Monday, June 09, 2008
I was inspired to hear former President Jimmy Carter as he addressed the National Conference on Volunteerism and Community Service last week. He talked about the gaps between rich and poor, and then demonstrated what he is doing to close this gap by providing awards to three university-community engagement projects.
I toured the Carter Center in Atlanta last week and visited the web site. The only thing I did not find was a section showing how maps can be used to support the distribution of volunteers, dollars, technology, etc. to all of the places arround the world where this gap persists.
The chart on this page is one that I drew as I attended workshops focused on business and university engagement. I'm trying to reverse the traditional two-way process of how nonprofits obtain resources from people who already have a self interest in wanting these non profits to be successful in their missions. We'll never have great social benefit programs in a majority of the places where they are needed based on the current system of competitive allocation.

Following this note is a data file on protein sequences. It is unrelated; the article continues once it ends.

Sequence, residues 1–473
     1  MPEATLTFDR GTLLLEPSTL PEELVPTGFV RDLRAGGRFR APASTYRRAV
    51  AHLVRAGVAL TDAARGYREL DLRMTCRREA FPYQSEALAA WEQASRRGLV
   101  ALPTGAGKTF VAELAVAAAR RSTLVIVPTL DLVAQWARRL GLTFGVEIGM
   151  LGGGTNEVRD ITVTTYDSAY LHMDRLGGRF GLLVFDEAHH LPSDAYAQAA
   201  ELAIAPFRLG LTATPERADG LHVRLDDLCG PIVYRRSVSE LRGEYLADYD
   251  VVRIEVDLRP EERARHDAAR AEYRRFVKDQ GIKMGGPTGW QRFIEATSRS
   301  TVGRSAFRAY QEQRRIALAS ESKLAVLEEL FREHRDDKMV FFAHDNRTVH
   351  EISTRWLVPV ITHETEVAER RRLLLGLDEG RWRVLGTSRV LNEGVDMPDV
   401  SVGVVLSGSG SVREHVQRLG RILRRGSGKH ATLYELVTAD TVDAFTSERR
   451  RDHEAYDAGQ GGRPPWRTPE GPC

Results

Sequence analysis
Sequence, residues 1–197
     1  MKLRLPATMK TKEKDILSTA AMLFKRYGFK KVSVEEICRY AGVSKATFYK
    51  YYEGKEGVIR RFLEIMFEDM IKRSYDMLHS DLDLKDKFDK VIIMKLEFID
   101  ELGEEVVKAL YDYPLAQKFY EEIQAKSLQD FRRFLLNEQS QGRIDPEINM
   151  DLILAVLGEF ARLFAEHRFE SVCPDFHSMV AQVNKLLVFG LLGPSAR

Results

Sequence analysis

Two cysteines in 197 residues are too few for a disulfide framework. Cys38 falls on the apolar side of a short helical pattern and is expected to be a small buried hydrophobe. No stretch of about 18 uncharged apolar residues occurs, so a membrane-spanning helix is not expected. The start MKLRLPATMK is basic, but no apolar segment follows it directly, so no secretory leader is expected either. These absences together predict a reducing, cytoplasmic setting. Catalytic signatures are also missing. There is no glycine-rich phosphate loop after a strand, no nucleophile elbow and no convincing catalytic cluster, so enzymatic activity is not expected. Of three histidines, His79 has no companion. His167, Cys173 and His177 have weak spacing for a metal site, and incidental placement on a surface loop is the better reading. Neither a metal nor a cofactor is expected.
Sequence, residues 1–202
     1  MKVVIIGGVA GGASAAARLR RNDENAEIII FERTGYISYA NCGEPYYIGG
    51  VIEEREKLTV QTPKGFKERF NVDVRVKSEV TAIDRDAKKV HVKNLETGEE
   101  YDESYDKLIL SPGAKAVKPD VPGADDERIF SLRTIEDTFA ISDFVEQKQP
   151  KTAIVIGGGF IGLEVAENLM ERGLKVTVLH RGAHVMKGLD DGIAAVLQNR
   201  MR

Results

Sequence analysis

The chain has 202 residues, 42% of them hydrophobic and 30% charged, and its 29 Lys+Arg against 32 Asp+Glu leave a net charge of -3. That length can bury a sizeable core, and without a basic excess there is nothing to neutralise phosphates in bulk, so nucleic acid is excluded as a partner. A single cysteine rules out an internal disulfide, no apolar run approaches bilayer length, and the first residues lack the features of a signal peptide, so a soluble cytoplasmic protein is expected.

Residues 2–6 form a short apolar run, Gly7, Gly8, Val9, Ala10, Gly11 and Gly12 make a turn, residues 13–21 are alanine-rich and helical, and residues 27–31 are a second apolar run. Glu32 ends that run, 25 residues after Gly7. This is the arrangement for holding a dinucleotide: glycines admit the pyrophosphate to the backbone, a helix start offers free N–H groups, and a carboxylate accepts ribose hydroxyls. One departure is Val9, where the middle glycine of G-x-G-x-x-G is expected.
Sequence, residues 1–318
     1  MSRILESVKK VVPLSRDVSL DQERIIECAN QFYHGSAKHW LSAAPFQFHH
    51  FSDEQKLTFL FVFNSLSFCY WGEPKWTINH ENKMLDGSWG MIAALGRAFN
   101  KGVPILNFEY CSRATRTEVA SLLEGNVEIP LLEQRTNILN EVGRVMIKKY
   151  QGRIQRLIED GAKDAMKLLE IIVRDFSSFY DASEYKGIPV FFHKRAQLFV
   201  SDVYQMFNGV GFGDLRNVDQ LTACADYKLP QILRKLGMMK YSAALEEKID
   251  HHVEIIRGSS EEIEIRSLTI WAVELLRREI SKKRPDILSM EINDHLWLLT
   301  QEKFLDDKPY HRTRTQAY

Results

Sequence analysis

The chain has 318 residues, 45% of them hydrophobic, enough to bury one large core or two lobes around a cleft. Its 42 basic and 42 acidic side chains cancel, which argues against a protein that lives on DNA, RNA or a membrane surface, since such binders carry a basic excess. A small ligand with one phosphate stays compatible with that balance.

Yet, if we can engage the talent of volunteers and leaders to serve in intermediary roles, we can do more to connect people who can help with places where help is needed.
I put these and similar charts on the T/MC web site with a goal that they are used by groups of people in universities, churches, businesses, etc. who want to become more strategic, and more engaged, in the ways they use their talent, time and resources to help end poverty in Chicago, and other cities around the world. I'm also looking for volunteers who will help improve the way these ideas are communicated, visually, via podcasts, animation, and using the tools that many of you know much better than I do.
Read more articles showing this role of intermediaries and uses of map and charts in the Tutor/Mentor Institute section of the T/MC web site.
If you know of places where discussions are taking place online with a goal of connecting networks of volunteers and donors to help distribute needed resources throughout the USA, or the world, please share links to such places via comments on this blog, or links posted on the T/MC discussion board.